How to support personal care routines that meet the individual needs of children or young people and

Access to Records Philosophy NACAC believes that every adopted person has the right, at the age of majority, to receive personal information about his or her birth, foster, and adoption history, including medical information, and educational and social history.

How to support personal care routines that meet the individual needs of children or young people and

Start with initial assessment and move on to further assessment if, for example, intervention has not been effective or the function of the behaviour is not clear see recommendations 1. Develop a behaviour support plan see recommendation 1. Ensure that feedback is personalised and involves a family member, carer or advocate to support the person and help them to understand the feedback if needed.

Initial assessment of behaviour that challenges 1. Consider using a formal rating scale for example, the Aberrant Behavior Checklist or Adaptive Behavior Scale to provide baseline levels for the behaviour and a scale such as the Functional Analysis Screening Tool to help understand its function.

Use this to develop a behaviour support plan see recommendation 1. Ensure that the behaviour support plan includes risk management see recommendation 1. Further assessment of behaviour that challenges 1.

Carry out a functional assessment see recommendations 1. Consider using formal for example, the Adaptive Behavior Scale or the Aberrant Behavior Checklist and idiographic personalised measures to assess the severity of the behaviour and the progress of any intervention.

Functional assessment of behaviour 1. After further assessment 1. Interventions for behaviour that challenges 1. Bear in mind that the sensory profile may change. Monitor the effects on behaviour that challenges and adjust the plan in discussion with the person and their family members or carers.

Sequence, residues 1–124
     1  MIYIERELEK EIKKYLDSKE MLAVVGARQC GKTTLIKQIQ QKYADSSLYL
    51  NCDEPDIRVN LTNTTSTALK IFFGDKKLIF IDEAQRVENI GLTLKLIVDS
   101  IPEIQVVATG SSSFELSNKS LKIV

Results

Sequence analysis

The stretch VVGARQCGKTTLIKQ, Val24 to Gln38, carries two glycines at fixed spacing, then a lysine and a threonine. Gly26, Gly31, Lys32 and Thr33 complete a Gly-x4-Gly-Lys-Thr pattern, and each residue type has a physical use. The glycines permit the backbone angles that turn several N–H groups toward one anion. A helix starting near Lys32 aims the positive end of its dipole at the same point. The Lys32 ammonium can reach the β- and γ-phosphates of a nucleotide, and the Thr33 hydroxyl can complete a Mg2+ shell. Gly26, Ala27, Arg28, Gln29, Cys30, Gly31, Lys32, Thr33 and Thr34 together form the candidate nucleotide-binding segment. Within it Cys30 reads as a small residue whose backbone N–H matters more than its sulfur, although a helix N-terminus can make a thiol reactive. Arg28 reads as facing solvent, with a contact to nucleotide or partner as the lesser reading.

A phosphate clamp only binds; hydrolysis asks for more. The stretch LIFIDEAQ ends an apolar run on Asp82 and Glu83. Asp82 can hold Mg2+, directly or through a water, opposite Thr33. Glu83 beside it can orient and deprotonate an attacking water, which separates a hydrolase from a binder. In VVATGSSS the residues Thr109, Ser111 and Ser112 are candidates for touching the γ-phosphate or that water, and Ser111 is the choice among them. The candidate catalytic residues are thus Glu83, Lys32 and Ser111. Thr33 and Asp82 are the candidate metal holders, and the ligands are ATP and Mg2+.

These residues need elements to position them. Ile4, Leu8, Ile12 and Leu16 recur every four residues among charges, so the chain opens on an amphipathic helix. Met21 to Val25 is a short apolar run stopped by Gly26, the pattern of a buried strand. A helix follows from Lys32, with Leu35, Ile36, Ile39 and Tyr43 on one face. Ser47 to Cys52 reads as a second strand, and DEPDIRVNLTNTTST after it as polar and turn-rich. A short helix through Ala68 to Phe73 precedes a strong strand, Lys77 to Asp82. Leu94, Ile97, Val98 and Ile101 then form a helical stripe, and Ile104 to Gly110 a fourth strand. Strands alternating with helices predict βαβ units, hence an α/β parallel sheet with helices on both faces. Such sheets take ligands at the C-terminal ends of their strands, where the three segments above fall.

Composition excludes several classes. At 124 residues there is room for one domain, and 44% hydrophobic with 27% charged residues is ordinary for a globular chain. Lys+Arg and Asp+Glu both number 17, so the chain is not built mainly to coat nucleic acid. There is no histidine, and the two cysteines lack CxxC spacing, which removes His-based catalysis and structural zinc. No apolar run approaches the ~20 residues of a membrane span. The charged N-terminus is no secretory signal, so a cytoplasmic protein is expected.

Only offer antipsychotic medication in combination with psychological or other interventions. When risks to the person with a learning disability or others are significant, or breakdown in their living arrangements is very likely, consider using reactive strategies as an initial intervention and introduce proactive interventions once the situation stabilises.

Use a graded approach that considers the least restrictive alternatives first. Encourage the person and their family members or carers to be involved in planning and reviewing reactive strategies whenever possible. Document and review the delivery and outcome of the restrictive intervention and discuss these with everyone involved in the care of the person, including their family members and carers, and with the person if possible.

Document their use as part of an incident record and use this in personal and organisational debrief procedures to inform future behaviour support planning and organisational learning. Adjust the nature, content and delivery of the interventions to take into account the impact of the person's learning disability and behaviour that challenges.

If medication is needed to aid sleep, consider melatonin[ 2 ]. The prescriber should follow relevant professional guidance, taking full responsibility for the decision. Informed consent should be obtained and documented.

See the General Medical Council's Prescribing guidance:1 NQS PLP e-Newsletter No. 29 Health, safety and wellbeing Setting the scene Children’s health and safety is about more than just their physical wellbeing; it also.

CHCICSA Provide support to meet personal care needs Date this document was generated: 27 May Processes and strategies to support people with personal care needs CHCICSA Provide support to meet personal care needs Date this document was generated: 27 May Regulation 5 sets out overarching requirements that run across all of the Quality Standards.

To meet the aspirations embodied in the Quality Standards, children’s homes need to connect with and be part of the wider support system for each child in their care.

How to support personal care routines that meet the individual needs of children or young people and

• review our care plans and protocols regularly to ensure they meet changing needs • ensure all staff will support pupils with personal care needs. • facilitate effective handwashing routines in young children.

How To Support Personal Care Routines That Meet The Individual Needs Of Children Or Young People And Promote Their Independence. for Children’s Care Learning and Development (QCF) Qualification Specification Unit title: Contribute to the support of the positive environments for children and young people Unit number: .

Children gain from planned care and education which integrates able-bodied children and children with special needs. This contact at an early age may facilitate understanding that all people have equal value irrespective of ability or mobility.

Autism spectrum disorder in under 19s: support and management | Guidance and guidelines | NICE